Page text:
You don’t need to be a dentist in Colorado Springs,CO to know that by brushing and flossing daily you can significantly improve the long-term health of your teeth and gums. However, you might be surprised to learn that practicing quality oral hygiene can actually make a big difference to not only your oral health but your overall health as well.
In recent years, a growing amount of research has found significant connections between our oral health and a number of chronic illnesses. Studies have discovered that individuals suffering from tooth decay, gum disease and tooth loss have a significantly higher risk for developing a range of chronic conditions, including heart disease, stroke, diabetes and cancer.
Now a new study has strengthened the connection between an increased risk of stroke and gum disease, showing a graded relationship between the severity of gum disease and the risk of a stroke. The study also found that regular dental care could also help to lower the risk for stroke.
Conducted by researchers at the University of South Carolina School of Medicine, the study marks one of the largest examinations ever conducted on the effects of dental care, gum disease and stroke risk.
“Our results show that individuals who regularly visit the dentist can reduce their risk for stroke by half when compared to those who don’t receive regular dental care,” wrote the research team. “Our study also showed that the more severe a patient’s gum disease, the higher their risk for stroke becomes in the future.”
Gum disease, also referred to as periodontal disease, causes increased inflammation in the mouth and has the strongest association with an individual’s risk of stroke. Researchers noted that increased risk for stroke associated with gum disease was similar to that of high blood pressure – increasing a patient’s risk by two to three times.
The Link Between Gum Disease and Stroke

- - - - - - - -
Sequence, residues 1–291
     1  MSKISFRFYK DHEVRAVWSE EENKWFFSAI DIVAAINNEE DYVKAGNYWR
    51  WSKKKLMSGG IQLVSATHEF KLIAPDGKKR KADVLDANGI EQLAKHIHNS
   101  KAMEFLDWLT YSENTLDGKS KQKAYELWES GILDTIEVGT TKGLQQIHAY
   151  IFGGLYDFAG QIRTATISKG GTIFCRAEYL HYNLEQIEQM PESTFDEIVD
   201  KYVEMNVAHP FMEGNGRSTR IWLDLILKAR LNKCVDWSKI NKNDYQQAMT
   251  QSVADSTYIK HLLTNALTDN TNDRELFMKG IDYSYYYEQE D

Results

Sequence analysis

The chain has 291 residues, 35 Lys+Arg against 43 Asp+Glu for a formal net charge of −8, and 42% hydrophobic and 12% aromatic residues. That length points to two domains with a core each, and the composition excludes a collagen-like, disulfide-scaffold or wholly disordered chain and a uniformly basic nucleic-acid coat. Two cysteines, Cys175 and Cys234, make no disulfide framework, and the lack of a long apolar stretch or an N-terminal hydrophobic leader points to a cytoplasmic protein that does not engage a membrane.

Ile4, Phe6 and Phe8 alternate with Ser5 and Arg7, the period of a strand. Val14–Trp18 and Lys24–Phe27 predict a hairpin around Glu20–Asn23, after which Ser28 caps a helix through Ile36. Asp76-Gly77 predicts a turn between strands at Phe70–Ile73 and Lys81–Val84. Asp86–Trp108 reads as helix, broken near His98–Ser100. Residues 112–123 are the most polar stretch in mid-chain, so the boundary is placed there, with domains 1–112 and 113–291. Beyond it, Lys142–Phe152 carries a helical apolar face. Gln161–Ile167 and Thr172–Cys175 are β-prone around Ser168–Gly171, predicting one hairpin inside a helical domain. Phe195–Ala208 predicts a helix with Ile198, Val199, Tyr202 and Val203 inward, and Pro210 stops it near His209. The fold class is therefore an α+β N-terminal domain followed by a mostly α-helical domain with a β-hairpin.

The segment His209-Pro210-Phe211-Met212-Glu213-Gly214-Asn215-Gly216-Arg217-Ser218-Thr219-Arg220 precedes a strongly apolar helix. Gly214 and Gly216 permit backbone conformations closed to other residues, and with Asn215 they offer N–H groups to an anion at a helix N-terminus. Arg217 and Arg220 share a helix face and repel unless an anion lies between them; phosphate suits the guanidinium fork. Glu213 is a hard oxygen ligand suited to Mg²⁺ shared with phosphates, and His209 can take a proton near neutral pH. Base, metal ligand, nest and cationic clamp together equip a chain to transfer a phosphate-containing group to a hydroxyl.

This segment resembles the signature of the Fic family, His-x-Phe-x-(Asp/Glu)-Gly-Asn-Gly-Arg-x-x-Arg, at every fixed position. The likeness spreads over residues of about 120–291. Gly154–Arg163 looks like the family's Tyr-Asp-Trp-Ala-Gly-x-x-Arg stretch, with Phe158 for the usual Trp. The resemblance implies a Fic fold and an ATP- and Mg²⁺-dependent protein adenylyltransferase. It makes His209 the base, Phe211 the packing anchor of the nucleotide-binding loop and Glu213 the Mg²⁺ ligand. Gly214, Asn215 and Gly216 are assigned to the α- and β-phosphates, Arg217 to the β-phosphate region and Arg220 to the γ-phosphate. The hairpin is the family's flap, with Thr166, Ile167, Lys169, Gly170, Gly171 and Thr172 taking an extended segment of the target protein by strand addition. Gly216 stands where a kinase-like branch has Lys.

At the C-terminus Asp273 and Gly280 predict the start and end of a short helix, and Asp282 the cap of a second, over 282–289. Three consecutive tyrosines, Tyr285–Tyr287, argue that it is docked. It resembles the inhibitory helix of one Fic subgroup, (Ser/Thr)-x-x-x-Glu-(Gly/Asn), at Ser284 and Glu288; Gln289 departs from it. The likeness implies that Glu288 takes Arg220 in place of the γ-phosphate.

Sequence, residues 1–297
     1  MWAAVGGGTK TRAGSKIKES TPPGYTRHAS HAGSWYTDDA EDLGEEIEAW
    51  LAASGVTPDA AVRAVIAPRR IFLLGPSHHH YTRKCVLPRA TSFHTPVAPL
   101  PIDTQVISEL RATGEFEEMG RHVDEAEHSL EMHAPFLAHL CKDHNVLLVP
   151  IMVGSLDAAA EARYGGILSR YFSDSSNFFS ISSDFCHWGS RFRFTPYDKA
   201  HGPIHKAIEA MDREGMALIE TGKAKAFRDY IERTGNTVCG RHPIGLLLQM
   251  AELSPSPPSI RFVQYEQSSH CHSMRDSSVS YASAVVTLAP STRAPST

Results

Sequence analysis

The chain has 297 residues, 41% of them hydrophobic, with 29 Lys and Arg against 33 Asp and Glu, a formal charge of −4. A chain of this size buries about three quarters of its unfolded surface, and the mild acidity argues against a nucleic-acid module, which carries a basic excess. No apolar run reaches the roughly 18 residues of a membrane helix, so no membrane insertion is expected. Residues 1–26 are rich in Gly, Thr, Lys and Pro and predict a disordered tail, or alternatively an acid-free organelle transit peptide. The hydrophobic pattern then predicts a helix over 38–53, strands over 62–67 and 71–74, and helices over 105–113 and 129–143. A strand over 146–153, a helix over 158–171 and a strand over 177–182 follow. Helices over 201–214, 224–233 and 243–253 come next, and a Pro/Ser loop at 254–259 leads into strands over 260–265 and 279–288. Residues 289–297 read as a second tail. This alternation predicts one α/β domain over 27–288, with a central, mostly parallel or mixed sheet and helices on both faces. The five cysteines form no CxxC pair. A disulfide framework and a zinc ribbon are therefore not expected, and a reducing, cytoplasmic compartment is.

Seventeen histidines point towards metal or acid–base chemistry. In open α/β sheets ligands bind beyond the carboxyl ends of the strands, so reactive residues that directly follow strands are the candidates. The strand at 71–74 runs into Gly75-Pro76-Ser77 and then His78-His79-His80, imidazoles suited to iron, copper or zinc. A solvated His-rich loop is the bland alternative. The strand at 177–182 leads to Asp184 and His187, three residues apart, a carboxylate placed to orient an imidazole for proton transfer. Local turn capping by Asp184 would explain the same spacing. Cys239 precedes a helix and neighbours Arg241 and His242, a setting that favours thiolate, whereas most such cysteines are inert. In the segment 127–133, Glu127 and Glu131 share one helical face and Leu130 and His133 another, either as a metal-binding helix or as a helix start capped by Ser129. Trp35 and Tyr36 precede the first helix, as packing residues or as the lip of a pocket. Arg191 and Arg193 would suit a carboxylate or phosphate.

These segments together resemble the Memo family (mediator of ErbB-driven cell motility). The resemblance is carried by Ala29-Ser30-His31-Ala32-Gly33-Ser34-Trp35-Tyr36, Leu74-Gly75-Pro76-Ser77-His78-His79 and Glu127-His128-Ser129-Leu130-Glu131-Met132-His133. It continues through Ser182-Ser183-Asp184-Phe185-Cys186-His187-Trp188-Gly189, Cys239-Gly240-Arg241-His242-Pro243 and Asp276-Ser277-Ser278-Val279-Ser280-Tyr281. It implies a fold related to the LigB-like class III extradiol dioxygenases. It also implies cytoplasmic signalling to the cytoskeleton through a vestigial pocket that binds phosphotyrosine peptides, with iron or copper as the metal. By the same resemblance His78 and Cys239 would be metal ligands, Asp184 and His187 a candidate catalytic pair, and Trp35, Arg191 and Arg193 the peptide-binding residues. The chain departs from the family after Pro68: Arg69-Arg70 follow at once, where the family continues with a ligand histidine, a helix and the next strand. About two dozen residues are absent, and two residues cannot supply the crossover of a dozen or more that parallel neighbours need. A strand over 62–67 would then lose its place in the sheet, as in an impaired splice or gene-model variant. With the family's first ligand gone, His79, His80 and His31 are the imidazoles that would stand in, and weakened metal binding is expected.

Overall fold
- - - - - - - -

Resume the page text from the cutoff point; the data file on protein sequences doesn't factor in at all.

One relationship most closely understood by researchers is the link between gum disease and a patient’s risk of heart attack. Previous research has also shown that a connection exists between gum disease and stroke. This latest study has only helped to strengthen that connection. Researchers believe that learning more about gum disease and stroke risk could lead to new ways – such as improved oral care – of helping to reduce stroke risk.
“It appears that good dental hygiene can do more than just keep your teeth and gums healthy – it may also lower your risk of heart disease and stroke,” wrote researchers. “Our results emphasize the need for quality dental care, including a thorough home routine that includes daily brushing and flossing and regular visits to the dentist.”
The high prevalence of gum disease among adults makes the connection it shares with stroke, heart disease and diabetes especially problematic for the long-term health of the world’s population. Approximately 90 percent of the population worldwide suffers from some degree of gum disease. Here in the U.S., roughly 50 percent of the adult population 30 and older deals with periodontitis, a severe form of the disease and the leading cause of permanent tooth loss.
Study Finds a Correlation
In this latest study, researchers created seven distinct classifications for the different levels of gum disease that range from healthy (A) to severe periodontitis (G). Researchers also examined the relationship between gum disease and stroke by conducting a secondary analysis.
Researchers examined data collected from over 10,000 middle-aged participants without any previous history of stroke who participated in the Atherosclerosis Risk in Communities study, which examined the different causes of stroke. Participants in the study were first recruited and enrolled in the 1980s and received regular follow-up exams over the next 15 years.
Participants were asked to describe their dental care, which was then classified as regular (those who received care more than twice a year) or as episodic (those who only visited the dentist when in pain or when needing a problem fixed).
During the 15-year follow-up period of the study, 584 participants suffered a stroke.
Results of the study found that compared with episodic dental care, participants who received regular dental care had a significantly lower risk of stroke.
Protecting Your Oral Health Means Visiting Your Family Dentist in Colorado Springs,CO
What the result of this and other studies have made clear is that protecting our long-term health means taking our oral health more seriously. Regular dental exams and cleanings may seem unnecessary, but ultimately they play a far larger role in determining our overall health than what many may believe.
At Family Dentistry of Colorado Springs,CO, our team is here to help protect your oral health so you can enjoy quality health overall. Don’t underestimate the need to improve the health of your smile. Contact our office today to schedule your next dental exam and cleaning.